There have been increasing incidents of students resorting to extreme measures due to corporal punishment in schools.

A student of La Martiniere's school in the city committed suicide in June after being caned by the principal.

  Karnataka Hindu groups face conversion charges
  THE Meghalaya state government has sent an official team to Karnataka to study allegations of Hindu groups luring Christian students to Karnataka and converting them to Hinduism.

The fact-finding team, comprising senior government officials and representatives of various NGOs, has been visiting various Hindu maths and residential schools in Karnataka, reported Deccan Chornicle.

The team visited Hindu institutions located in Bengaluru, Mangalore, Shimoga, Mysore, Tumkur and Uttara Kannada districts to collect information on the issue.

The students were reportedly brought to Karnataka by organizations linked to RSS, promising to provide them education, said sources.

A senior officer of the women and child welfare department told the newspaper that Meghalaya-based NGOs and Christian organizations from the Northeastern states, had alleged that children were taken away forcibly in the name of education and were now being converted to Hinduism.

The officer said the team's visit has been "kept confidential as it might trigger communal tension with several Christian NGOs pressurizing the Meghalaya government to initiate criminal action" against Hindu groups under "the Juvenile Justice Act. This may not be possible as they are very powerful in the state," he said.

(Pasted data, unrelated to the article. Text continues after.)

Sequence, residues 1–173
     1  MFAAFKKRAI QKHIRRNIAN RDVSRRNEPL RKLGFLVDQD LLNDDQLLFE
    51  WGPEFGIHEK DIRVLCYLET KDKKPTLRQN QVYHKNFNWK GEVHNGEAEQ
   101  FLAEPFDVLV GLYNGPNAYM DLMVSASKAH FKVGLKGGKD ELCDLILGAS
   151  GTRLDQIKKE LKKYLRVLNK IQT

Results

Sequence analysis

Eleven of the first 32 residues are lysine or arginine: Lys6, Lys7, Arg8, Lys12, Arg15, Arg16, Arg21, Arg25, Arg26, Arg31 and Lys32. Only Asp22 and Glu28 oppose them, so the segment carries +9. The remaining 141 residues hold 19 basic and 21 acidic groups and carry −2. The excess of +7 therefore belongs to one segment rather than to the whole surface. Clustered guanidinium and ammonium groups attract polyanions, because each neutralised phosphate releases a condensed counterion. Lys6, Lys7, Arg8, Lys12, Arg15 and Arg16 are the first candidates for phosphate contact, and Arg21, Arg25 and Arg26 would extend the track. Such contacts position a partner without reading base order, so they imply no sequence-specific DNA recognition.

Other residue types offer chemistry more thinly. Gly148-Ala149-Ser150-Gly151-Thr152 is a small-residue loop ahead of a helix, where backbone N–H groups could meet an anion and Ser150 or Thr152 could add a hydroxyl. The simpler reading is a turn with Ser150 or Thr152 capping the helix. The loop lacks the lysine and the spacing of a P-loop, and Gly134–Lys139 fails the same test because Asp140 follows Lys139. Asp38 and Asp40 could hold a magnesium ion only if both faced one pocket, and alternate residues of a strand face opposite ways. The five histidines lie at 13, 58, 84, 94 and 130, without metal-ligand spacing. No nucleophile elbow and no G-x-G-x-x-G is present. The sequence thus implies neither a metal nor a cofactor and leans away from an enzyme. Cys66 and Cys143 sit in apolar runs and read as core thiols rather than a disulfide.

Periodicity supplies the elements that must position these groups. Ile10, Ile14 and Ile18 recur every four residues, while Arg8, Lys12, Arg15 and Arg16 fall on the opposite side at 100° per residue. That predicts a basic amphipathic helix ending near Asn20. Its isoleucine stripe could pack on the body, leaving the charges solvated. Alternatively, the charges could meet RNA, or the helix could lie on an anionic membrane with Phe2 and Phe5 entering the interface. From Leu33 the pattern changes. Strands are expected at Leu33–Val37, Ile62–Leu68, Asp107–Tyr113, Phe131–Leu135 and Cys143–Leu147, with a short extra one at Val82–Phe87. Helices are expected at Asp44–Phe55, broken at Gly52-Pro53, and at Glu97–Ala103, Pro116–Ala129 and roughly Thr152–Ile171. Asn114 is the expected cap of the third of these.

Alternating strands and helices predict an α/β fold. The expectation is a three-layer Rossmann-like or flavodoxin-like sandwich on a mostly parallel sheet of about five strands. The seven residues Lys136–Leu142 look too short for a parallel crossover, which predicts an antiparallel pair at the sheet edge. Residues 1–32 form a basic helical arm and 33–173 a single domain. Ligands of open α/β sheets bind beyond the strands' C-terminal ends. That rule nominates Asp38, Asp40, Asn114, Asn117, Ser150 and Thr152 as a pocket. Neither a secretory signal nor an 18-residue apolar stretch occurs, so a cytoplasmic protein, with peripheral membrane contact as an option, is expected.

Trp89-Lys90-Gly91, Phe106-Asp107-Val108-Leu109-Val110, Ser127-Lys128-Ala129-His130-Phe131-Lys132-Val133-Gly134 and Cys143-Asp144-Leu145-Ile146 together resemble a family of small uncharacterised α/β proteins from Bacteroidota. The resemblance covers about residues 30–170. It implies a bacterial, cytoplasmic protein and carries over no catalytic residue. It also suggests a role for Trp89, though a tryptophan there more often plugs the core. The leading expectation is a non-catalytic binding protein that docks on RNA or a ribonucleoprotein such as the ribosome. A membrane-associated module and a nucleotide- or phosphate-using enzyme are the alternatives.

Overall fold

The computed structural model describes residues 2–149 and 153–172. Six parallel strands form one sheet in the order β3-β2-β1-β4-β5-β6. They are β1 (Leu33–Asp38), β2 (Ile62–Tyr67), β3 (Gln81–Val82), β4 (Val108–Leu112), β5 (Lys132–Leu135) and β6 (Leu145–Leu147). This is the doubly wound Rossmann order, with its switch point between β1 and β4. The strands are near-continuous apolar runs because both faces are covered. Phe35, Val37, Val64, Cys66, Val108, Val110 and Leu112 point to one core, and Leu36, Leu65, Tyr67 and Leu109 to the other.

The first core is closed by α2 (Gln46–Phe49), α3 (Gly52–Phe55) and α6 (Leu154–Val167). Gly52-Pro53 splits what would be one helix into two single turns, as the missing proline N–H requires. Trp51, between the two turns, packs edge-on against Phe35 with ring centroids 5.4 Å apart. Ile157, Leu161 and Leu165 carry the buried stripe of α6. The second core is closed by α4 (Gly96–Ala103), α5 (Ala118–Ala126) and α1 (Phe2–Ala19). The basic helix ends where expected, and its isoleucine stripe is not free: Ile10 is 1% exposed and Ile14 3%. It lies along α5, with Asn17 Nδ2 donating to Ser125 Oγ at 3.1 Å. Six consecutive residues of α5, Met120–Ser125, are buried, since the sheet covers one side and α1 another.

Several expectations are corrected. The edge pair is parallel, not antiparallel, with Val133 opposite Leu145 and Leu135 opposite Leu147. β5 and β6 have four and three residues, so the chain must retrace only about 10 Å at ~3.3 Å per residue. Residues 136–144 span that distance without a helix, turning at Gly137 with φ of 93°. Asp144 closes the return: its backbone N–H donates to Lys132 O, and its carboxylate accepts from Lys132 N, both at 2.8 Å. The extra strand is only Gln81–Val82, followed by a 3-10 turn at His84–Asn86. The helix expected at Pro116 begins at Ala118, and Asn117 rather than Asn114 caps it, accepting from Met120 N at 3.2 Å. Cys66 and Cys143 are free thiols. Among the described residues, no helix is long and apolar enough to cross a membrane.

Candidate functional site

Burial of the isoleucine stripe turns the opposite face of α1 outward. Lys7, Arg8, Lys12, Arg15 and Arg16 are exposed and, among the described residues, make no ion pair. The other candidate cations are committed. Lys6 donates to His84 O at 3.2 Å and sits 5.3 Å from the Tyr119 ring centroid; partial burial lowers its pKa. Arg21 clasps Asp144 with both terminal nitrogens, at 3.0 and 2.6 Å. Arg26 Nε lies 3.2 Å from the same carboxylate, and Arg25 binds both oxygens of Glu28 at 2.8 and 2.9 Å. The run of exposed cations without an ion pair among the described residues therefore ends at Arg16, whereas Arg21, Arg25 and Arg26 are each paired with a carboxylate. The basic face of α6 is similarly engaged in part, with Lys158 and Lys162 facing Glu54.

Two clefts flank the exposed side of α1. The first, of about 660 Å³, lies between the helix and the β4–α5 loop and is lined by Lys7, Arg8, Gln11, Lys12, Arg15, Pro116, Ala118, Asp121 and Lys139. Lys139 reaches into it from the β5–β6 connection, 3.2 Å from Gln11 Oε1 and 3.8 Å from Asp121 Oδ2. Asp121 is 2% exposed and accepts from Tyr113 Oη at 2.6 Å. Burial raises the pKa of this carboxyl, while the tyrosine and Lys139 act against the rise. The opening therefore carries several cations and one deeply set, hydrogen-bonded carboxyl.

Recently "a minister from Manipur visited schools in Karnataka to get first hand information on the problem," he said.

Karnataka's BJP government had earlier faced charges of being soft on Hindu radical outfits like the Sri Rama Sene, which had allegedly engaged in moral policing.

  Bangladeshi nurse becomes first with PhD
  By Manik Joseph Costa

A CATHOLIC woman has become the first government nurse and only the second Bangladeshi to obtain a doctorate in the field of nursing.

Jacinta Olympia Gomes, 49, a Catholic from northwestern Bonpara parish recently obtained the PhD in June from Victoria University in the United States.

Gomes, an executive board member of the Nursing Association Bangladesh (NAB) was awarded the doctorate following her thesis on "Prevention and Control of Breast Cancer, an approach to develop nursing support."

Gomes is one of Bangladesh's top nurses and serves on the Bangladesh Catholic Nurses Guild (BCNG) and is a teacher at the Bangladesh Nursing School (BNS).

In those capacities she has helped train thousands of young nurses.

"She helped me survive the tough training with a lot of mental support and advice," said Pollobi Corraya, 28, a Catholic nurse. "I'm really happy for her," she said.

"She can make a huge contribution to Catholic health services and also in society, much more so than in the past," said Catherine Costa, secretary of BCNG.

Gomes says she wants to use what she learned during her studies to help promote breast cancer awareness in Bangladesh.

"Bangladesh is a developing country with an underdeveloped society. Women with breast cancer are often reluctant to get proper treatment" she told

According to one cancer specialist 20,000-22,000 Bangladeshi women seek breast cancer treatment each year but there's a larger number of women don't.